- Elgen Long's home page.
- Author of Amelia Earhart: The Mystery Solved (Simon & Schuster, 2001).
- Consultant to the Waitt Institute for Discovery search in 2006. He helped to develop the final search grid.
- FAQ by Randy Jacobson
- How does TIGHAR’s theory differ from from that advanced by Elgen Long?
- Elgen Long is the patron saint of the crashed-and-sank school. To put AE in the water near Howland he needs the airplane to burn fuel much faster than it should have. To do that he postulates a climb over a mountain range on New Britain.
- The cause of Elgen Long’s hypothesis for climbing rapidly to10,000 feet has to do with the Chater Report, which documents all of Earhart’s transmissions to Lae, New Guinea after take-off. (Eric H. Chater was the General Manager at Lae for Guinea Airways Limited.) Quoting from his report...“The Lae operator heard the following on 6210 KC - ‘Height 7000 feet speed 140 knots’ and some remark concerning ‘Lae’ then ’everything okay’. The plane was called and asked to repeat position but we still could not get it. The next report was received at 3.19 pm on 6210 KC – ‘height 10000 feet position 150.7 east 7.3 south cumulus clouds everything okay’. The next report receibed at 5.18 pm ‘position 4.33 south 159.7 east height 8000 feet over cumulus clouds wind 23 knots’.”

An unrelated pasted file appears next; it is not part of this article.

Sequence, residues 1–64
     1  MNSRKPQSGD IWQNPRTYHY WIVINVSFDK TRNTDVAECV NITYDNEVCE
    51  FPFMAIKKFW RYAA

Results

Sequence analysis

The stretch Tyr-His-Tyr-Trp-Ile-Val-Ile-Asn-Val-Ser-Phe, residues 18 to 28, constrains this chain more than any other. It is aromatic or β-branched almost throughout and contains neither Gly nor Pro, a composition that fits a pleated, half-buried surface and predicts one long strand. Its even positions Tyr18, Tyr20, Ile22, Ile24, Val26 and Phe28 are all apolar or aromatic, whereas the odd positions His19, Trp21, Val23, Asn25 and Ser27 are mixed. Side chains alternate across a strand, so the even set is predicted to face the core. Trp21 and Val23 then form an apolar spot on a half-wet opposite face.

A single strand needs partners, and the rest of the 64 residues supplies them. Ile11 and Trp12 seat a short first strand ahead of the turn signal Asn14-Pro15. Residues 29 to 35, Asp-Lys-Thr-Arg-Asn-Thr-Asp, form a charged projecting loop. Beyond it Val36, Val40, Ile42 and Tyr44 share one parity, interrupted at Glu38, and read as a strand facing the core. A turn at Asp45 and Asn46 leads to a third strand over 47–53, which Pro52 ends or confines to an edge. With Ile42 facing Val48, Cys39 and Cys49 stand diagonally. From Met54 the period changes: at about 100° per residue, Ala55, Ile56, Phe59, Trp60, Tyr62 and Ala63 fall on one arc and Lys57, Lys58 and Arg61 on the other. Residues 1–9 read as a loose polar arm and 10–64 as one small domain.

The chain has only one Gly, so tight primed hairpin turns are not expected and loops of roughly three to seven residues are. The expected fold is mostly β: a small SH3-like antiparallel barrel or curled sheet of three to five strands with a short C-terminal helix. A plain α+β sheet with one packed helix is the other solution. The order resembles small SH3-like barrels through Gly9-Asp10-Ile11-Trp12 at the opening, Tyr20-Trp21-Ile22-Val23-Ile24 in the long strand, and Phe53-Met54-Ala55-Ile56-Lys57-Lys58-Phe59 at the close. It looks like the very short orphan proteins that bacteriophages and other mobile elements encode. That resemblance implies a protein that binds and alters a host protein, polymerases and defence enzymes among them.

- The 10,000 foot elevation comes from the second position report, but that location is obviously in error: 7.3 south is 0.3 degrees south of Lae!, and 150.7 east does not make sense considering time of flight within any reasonable bounds close to 3 PM Lae time. Earhart did have to fly over New Britian, but we have examined a topographic map of the island, and her flight path passes right through a low-lying (less than 1000 foot) wide path through two major mountain ranges, and would have been an easy navigational “fix” to home in on. Earhart’s other messages suggest flight paths at considerable heights, but well within her operating envelope. Of course, considering the partial messages received, the erroneous position report, it is not clear that much credence can be given to these heights. For more information, see our review of Elgen Long’s book.